Feral Black Male Carjacks Pizza Delivery Drivers, Sentenced to 57 Years
Jul 28, 2009 WATE in Knoxville reported:
Pizza delivery driver carjacked in Knoxville. A pizza delivery driver was carjacked just before 10:30 Tuesday night. It happened on Hayden Drive, off Gleason Drive in West Knoxville. The victim says two black males pointed a gun at her and drove off in a 2001 maroon Mercury Cougar. The car had a Papa John's Pizza sign on its top. The victim wasn't harmed.
November 15, 2011 the US Dept. of Justice reports:
In a four-day trial in U.S. District Court in Knoxville, a jury convicted Rodney Mack, Jr., 22, of Knoxville of the armed robbery and carjacking of three pizza delivery persons in 2009. The victims in the three separate incidents were two employees of Domino's and one employee of Papa John's.
Mack, having been convicted of three counts of brandishing a firearm during the commission of a violent crime, faces a potential life sentence when he is sentenced early next year. At a minimum, the Court must sentence Mack to at least 57 years in prison. There is no parole in the federal system.
The evidence at trial showed that Mack and an accomplice called in pizza orders for delivery to vacant houses, pulled a gun on the drivers upon their arrival, and then took the drivers' pizzas, cash, cell phones and vehicles at gunpoint. The robberies and carjackings took place on July 23, July 28 and July 30, 2009.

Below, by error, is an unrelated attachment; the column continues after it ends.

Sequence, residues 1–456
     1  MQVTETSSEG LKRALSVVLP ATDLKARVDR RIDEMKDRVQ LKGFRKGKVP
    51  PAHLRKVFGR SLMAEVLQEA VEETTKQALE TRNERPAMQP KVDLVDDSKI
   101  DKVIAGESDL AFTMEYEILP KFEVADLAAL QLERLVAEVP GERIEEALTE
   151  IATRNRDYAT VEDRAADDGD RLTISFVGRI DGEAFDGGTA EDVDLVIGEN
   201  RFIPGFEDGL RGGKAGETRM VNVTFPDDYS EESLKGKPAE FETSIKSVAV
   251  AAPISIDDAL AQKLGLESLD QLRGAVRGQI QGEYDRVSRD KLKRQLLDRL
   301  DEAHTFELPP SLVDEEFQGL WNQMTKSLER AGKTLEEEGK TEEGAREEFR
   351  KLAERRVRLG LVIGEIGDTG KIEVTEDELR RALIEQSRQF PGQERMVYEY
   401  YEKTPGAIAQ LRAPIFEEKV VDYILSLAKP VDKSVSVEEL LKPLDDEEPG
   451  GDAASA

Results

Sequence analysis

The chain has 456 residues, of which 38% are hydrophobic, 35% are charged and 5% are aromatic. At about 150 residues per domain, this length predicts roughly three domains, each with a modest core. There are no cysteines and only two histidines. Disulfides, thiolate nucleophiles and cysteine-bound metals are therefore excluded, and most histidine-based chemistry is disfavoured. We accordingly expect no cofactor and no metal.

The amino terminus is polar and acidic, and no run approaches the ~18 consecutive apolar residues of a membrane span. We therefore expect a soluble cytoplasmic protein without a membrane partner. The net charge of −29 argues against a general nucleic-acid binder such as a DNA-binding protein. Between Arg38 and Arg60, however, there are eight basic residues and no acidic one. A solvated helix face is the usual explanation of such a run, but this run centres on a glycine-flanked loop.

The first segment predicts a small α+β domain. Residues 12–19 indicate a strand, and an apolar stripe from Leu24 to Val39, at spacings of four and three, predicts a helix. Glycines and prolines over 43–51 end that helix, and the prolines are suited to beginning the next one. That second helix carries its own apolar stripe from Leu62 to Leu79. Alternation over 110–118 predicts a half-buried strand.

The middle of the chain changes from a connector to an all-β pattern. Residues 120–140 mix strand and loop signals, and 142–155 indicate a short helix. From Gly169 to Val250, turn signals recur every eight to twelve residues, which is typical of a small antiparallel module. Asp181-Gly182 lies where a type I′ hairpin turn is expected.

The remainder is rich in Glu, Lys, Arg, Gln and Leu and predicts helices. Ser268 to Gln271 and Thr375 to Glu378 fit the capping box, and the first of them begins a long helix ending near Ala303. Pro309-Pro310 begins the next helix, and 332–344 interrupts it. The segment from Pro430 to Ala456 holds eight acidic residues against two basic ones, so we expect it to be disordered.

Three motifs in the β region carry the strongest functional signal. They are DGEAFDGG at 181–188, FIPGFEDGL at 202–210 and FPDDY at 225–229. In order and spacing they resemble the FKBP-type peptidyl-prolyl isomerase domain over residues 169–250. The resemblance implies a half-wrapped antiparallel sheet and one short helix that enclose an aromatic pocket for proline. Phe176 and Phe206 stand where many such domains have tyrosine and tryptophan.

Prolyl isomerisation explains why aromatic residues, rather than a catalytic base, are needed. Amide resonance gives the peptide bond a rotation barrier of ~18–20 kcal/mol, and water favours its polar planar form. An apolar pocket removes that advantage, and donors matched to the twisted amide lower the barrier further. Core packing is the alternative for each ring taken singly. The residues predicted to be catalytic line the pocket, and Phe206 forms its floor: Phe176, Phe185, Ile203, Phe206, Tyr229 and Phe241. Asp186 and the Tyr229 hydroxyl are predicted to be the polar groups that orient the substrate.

Following the last incident in the very early morning hours of July 30, investigators from these agencies quickly identified Mack as one of the assailants and arrested him later that day. He was found to be in possession of the cell phones belonging to two of the victims, and was actually talking on one of them when he was arrested. Two of the three victims positively identified Mack as one of the robbers.
Mack testified on his own behalf at trial, and said that he bought the cell phones on the street from a "junkie" on the day of his arrest. He denied having committed any of the charged crimes, and presented two alibi witnesses, his mother and best friend, to attest to his whereabouts elsewhere at the time of each crime.
However, as pointed out by an Assistant U.S. Attorney on cross examination, the call records contained in one of the cell phones demonstrated the impossibility of Mack's story regarding how and when he claimed to have purchased the cell phones. Mack had no explanation for the discrepancy. The jury deliberated for only one hour before rejecting that defense and convicting him as charged.
Added October 2011